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In reply to lelliebunny <<


Date: 5/29/13 9:52 PM

What about a canvas or twill like material on the inside? I think that would be stronger than interfacing and give some body without adding stiffness. I have made bags out of both that carried loads of books and papers (I used to teach school). I reinforced stitching in key places. I never had a bag rip no matter how much I stuffed in it. HTH

utahliz
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Date: 5/29/13 10:34 PM

Actually, from an engineering standpoint, fusible interfacing will make the bag stronger than an underlining, because the fusible is attached everywhere, not just at the stitching.

Liz

lelliebunny
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lelliebunny  Friend of PR
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In reply to utahliz <<


Date: 5/29/13 11:58 PM

Do you have a type of interfacing that you'd recommend?

------
it doesn't matter what type of sewing you do. you are sewing, and sewing is good.

SandiMacD
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Date: 5/30/13 5:28 AM

You mentioned high quality strong fabric.
I have made simple lined totes without interfacing from strong cotton fabric that have sustained grocery loads of cans and gallons of milk for years now. I put a piece of cardboard in the bottom for support. They fold flat around the cardboard to store in the car.
I made another larger one and used headliner as interfacing to give it a permanent stand up shape. Its not stiff but stays upright and open. DH has used it the past year to carry books and electronics in every day.

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sewing brings joy and meaning to my life...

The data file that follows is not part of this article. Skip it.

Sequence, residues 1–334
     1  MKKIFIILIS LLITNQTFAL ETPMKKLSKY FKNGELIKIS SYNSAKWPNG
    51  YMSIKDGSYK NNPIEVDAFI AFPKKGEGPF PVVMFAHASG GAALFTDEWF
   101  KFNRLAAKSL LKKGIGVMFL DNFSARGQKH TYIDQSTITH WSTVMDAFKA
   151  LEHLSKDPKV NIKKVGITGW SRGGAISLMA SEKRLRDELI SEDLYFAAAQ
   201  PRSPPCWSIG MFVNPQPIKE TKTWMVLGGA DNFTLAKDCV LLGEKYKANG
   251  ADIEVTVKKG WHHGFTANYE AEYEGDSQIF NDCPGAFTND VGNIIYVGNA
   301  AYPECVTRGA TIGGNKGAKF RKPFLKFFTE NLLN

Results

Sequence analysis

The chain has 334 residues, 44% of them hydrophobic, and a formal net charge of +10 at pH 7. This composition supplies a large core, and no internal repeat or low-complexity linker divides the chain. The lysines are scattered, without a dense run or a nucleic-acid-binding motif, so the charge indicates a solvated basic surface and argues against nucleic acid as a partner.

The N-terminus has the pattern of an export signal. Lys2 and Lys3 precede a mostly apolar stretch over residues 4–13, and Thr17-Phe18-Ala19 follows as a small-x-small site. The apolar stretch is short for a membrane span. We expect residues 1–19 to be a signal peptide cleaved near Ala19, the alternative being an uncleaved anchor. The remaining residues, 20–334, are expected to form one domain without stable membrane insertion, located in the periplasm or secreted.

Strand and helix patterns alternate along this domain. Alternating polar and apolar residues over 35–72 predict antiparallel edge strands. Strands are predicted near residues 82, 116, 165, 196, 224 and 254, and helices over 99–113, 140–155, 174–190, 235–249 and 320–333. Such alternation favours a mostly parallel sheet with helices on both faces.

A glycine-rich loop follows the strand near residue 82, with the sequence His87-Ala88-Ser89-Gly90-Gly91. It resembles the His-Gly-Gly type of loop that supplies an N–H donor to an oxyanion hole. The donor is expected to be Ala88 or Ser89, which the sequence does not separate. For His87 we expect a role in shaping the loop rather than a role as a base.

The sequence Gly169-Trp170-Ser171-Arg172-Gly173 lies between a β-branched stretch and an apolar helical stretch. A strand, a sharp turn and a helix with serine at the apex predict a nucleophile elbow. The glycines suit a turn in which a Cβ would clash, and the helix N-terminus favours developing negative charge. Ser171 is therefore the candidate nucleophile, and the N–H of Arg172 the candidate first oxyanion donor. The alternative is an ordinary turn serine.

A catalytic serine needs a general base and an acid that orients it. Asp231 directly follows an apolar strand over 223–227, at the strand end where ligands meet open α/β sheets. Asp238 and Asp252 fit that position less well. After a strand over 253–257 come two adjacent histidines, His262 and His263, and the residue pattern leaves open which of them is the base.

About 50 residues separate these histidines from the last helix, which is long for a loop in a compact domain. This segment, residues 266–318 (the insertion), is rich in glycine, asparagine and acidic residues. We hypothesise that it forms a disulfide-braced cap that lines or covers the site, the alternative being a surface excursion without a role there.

lgrande
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In reply to SandiMacD <<


Date: 5/30/13 8:34 AM

Soft and Stable is great for bags. So is Stiff Stuff. I have also used Pellon fusible fleece in bags. These range in stiffness from stiffer to softer. Stiff Stuff is the stiffest of those that I've tried.
I think I would recommend Soft and Stable for what you want.

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Linda

Bernina 830LE - Brother Dreamweaver VQ3000 - Bernina B530 - Janome 6600P - Pfaff 1209 - Babylock Evolution - Janome 644 - Babylock Sashiko2 - Babylock BLCS-2

clt3
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Date: 5/30/13 9:20 AM

Try decor bond. Soft 'n stable is great also and does not have to be quilted.

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Singer 66-16. Singer 600e, Kenmore 158.1913 , Viking 1100, Brother 4000D, Brother Quattro, Bernina 930, White 634DE,
Babylock Evolve, 2 Featherweights ,Pfaff Creative Performance,Janome Coverpro 1000CPX






cocosloft
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Date: 5/30/13 11:26 AM

Hi. I suggest underlining both the shell and the lining of the tote. Then pay attention to your straps: if they go top to bottom, around the bottom, and back up to the top, they will provide oodles more support than any interfacing you put on the fabrics!

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Coco